The Making of an International Monetary Crisis1
For years the world has been plagued by continuing international monetary crises. Since 1944, the international monetary system has endured dollar shortages and dollar gluts; chronic deficits and chronic surpluses; perpetual parity disequilibria and currency realignments; disruptive “hot money” flights of capita; and numerous controls on the exchange of money and goods.
In 1968 a two-tier gold market was established in the midst of a run on U.S. Treasury gold reserves. In 1971 the two-tier experiment failed in the face of new foreign government demands for dollar convertibility: The United States embargoed gold and allowed the dollar to seek its own level on the free market. In December of 1971, a new agreement was reached—the Smithsonian Agreement—which consisted of multilateral revaluations of most major foreign currencies and a de facto devaluation of the dollar. In 1972 the dollar was officially devalued yet remained nonconvertible into gold.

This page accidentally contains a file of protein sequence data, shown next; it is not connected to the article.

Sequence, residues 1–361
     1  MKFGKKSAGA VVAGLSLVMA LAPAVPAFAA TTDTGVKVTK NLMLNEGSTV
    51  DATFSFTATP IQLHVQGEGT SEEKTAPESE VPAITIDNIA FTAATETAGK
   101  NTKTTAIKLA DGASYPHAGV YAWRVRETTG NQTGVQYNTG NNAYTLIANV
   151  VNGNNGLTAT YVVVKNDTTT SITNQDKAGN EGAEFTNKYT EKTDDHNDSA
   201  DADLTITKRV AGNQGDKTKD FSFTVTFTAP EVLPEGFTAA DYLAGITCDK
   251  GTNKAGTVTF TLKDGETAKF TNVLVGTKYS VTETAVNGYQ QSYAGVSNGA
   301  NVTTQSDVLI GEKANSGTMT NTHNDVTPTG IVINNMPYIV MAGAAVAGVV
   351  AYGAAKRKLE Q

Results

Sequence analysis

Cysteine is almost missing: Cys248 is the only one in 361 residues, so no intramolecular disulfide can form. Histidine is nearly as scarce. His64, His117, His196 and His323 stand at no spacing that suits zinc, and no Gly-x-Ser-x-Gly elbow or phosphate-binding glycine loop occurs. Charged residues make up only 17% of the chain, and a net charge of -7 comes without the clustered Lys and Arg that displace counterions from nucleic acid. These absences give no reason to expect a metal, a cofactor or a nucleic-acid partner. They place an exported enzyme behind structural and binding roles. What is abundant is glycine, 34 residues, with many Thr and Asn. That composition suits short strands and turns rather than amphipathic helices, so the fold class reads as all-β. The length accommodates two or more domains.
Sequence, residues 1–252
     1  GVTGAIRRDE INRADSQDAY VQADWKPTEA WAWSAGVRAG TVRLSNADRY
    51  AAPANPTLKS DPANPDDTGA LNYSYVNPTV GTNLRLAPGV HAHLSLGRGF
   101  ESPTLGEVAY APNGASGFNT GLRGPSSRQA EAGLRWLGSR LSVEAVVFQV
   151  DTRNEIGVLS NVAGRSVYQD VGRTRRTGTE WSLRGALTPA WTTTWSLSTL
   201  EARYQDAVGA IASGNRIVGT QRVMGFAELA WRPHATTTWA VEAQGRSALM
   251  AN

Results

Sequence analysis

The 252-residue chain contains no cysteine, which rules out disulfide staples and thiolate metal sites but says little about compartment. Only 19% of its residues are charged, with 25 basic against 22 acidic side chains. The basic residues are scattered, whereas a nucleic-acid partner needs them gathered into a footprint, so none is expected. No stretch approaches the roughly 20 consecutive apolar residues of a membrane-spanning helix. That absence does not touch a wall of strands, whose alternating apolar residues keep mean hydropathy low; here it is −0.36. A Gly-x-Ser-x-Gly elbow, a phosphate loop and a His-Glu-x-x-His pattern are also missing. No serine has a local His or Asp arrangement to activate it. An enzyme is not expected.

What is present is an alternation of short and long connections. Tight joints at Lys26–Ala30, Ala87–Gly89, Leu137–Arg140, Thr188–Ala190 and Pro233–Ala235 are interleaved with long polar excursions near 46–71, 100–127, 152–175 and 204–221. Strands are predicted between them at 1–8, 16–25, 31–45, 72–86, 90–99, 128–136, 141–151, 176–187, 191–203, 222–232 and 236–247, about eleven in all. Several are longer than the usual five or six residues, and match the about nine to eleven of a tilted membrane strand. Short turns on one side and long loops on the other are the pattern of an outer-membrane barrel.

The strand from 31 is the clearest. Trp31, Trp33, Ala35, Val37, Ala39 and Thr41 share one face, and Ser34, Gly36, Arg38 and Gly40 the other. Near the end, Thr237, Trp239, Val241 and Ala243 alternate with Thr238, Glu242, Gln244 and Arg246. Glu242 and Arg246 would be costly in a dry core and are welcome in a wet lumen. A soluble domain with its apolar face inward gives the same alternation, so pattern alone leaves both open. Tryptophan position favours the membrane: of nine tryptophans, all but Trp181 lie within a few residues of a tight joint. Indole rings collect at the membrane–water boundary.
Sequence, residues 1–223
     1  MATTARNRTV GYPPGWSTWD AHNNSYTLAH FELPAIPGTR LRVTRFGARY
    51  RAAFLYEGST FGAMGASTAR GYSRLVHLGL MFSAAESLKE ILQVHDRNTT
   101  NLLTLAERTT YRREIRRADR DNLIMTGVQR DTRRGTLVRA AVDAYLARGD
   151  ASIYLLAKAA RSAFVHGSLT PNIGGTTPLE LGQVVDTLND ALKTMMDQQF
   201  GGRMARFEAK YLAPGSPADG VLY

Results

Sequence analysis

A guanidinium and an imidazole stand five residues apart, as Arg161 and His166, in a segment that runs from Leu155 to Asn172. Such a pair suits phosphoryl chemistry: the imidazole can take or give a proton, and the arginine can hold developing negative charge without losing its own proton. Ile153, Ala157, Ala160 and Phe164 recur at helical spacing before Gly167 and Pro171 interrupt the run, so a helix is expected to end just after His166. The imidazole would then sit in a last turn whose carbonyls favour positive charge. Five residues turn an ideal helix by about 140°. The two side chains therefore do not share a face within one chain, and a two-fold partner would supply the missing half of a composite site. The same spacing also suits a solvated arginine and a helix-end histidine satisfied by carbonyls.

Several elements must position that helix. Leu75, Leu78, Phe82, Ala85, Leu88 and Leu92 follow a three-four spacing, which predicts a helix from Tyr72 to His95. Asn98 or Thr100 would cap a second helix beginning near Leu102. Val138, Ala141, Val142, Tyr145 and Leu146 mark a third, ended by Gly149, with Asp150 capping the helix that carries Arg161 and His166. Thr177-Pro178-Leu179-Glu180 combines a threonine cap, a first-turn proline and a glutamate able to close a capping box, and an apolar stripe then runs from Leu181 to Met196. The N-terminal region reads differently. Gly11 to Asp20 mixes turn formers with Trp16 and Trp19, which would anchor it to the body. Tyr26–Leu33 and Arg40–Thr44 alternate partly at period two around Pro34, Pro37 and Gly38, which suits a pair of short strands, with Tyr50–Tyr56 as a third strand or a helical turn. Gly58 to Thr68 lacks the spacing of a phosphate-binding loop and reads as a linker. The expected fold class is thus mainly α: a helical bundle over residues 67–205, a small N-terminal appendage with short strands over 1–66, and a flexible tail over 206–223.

Meanwhile, only 14 months after the Smithsonian Agreement was reached, the dollar was brought under new selling pressure and was again forced to devalue (a total of almost 20 percent in under two years), and the free market price of gold soared to nearly $100 an ounce, making the official price and the two-tier system look embarrassingly unrealistic.
The most immediate and visible cause of the 1971 international monetary crisis can be traced directly to an excess supply of dollars, ...